On Thursday night I got back from Trondheim, which is a city of about 187,000 people 500 km (310 miles) north of Oslo. This trip brought us up to 63° N, and I could feel the difference in the quality of light and the temperature, and it felt a bit like taking a vacation to fall for a few days. Now, I am back in Ås, where the trees have only just started to turn.
Travel + Food + Lodging + Food
We drove up Sunday and, unable to make the whole 7-hour trip without eating waffles, we stopped in the middle of the wind-whipped Dovre plateau for food at a touristy-but-still-cute café.
I got a freshly-ironed sour cream waffle, which was served atop a doily-laden wooden stand—a piece of serveware that I think is exclusively reserved for waffles. It had a proper buttery, lacy top that crunched most pleasingly when I bit into it. Though I could never regret such a choice, I was plagued by a small amount of envy for Åsmund’s order of rømmegrøt, which is a traditional Norwegian dish that is essentially a hot sour cream pudding, served with cinnamon and sugar and topped with butter, which of course instantly melts and fills the pudding’s creamy contours with little golden pools. I’m very thankful for rømmegrøt because it is the answer to my perpetual question of: what would be a socially-acceptable way to eat an entire bowl of sour cream?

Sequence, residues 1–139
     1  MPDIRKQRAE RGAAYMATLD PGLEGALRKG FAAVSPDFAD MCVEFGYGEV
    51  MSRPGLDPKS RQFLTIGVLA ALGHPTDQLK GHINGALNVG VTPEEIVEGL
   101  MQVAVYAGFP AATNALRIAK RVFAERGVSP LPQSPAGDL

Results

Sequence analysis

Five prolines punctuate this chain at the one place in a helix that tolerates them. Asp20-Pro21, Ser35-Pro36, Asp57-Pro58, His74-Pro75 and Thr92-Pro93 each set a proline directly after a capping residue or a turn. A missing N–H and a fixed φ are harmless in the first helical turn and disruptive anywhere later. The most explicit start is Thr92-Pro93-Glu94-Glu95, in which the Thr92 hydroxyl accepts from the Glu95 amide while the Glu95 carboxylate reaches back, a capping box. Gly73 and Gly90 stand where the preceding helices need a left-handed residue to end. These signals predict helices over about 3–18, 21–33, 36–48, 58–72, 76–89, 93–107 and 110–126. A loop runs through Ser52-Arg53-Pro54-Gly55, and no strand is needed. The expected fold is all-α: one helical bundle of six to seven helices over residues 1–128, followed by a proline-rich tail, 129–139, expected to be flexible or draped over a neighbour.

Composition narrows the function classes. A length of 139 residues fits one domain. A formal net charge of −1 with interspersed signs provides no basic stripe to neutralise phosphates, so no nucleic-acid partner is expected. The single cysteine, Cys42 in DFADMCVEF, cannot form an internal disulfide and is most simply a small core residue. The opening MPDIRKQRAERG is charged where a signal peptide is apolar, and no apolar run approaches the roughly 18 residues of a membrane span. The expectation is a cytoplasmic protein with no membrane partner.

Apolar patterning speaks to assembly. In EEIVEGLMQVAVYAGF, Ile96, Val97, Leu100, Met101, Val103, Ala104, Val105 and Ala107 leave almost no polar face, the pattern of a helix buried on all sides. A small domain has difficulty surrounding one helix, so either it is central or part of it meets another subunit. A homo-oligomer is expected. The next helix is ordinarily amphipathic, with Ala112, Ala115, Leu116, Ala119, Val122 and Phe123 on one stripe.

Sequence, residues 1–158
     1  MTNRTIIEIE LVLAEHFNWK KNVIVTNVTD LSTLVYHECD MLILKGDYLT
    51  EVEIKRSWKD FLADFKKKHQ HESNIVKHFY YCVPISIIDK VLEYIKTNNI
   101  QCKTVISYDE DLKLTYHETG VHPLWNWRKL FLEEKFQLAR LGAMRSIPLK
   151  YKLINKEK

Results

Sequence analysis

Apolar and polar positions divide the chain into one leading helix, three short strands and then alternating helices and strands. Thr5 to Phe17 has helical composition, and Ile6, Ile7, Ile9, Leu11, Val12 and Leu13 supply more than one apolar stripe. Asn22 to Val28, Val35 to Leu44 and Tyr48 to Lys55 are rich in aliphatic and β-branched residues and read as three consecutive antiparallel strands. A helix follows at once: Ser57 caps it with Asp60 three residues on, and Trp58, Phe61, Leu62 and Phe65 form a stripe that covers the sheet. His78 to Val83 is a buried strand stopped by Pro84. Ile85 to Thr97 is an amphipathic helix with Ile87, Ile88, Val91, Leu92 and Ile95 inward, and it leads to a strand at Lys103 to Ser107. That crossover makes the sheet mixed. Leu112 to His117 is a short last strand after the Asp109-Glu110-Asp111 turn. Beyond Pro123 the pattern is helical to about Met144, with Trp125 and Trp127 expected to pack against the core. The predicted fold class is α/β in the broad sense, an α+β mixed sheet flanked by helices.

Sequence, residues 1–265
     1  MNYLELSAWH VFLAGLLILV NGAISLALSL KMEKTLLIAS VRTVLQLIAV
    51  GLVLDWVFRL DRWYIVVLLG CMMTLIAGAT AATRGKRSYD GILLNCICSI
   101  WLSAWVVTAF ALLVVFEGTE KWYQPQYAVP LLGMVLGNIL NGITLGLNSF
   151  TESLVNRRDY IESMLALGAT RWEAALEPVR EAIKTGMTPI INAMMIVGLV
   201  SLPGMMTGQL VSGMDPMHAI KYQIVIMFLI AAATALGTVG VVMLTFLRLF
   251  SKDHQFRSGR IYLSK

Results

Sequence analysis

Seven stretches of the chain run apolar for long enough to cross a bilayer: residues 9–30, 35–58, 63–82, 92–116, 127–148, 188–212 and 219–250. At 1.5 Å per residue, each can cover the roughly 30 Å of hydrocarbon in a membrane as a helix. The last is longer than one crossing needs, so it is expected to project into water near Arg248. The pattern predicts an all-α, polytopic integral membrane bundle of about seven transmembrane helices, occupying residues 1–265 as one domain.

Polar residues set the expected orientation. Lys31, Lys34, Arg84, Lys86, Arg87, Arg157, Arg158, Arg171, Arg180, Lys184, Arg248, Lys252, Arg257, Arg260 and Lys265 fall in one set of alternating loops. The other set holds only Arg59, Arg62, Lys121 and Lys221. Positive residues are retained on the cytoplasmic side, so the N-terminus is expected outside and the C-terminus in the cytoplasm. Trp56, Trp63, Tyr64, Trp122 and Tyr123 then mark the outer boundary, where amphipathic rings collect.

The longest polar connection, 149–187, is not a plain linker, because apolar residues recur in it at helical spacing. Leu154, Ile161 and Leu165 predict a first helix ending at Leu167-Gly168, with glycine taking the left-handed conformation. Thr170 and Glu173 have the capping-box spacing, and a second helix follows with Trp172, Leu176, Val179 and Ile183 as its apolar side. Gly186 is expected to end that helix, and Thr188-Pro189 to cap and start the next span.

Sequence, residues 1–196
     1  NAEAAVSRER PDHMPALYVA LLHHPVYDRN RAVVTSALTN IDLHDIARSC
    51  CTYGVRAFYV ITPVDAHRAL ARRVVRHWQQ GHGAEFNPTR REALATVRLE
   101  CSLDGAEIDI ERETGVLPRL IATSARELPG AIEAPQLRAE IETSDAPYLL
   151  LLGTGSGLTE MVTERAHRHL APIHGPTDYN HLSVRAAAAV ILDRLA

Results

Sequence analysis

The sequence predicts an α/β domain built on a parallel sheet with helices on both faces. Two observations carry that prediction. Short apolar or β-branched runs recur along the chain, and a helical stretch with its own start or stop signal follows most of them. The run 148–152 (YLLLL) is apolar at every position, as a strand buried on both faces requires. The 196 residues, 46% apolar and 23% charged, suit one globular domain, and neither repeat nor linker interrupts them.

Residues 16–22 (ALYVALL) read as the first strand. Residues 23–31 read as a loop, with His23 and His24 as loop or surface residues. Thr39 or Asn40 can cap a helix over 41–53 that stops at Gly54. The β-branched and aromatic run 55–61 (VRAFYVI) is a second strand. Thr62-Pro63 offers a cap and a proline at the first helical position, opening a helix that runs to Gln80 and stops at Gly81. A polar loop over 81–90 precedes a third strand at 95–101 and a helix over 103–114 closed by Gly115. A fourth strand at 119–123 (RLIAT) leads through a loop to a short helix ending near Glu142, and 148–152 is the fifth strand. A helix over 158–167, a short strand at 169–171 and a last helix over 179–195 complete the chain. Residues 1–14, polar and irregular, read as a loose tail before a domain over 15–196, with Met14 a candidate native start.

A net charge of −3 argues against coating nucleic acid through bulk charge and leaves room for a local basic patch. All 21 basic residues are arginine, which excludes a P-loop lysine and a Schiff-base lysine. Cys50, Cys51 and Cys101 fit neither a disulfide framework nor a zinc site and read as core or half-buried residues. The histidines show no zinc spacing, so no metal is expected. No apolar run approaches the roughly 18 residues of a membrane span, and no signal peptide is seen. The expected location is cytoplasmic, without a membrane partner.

Luckily, I didn’t have to wallow in my rømmegrøt–less existence for long, as immediately upon our arrival at Åsmund’s house his mom served us a rømmegrøt-rice pudding, replete with sugar, cinnamon, and butter—for dinner! This country! There was also a side of cured meats, and we were encouraged to mix the two for a salty-sweet combination, which I’m starting to figure out is much appreciated in this country.
We were lucky to have Åsmund in our group; he grew up in, as he calls it, “Trondheim, the most beautiful city in Norway.” It’s situated on a fjord (of course), and there are painted wooden houses perched on the river in town while the neighborhoods climb up the side of the hills on either side.
It was lovely to be staying in a home again, too, and Åsmund’s parents were wonderful hosts, happily plying us with good, strong coffee and a typical Norwegian breakfast every morning. They even let me pick as many berries from their berry bushes as I liked, which is the little known key to my eternal devotion. (They have red currants, as well as a berry I’d never seen before, which was a cross between a gooseberry and a blueberry.)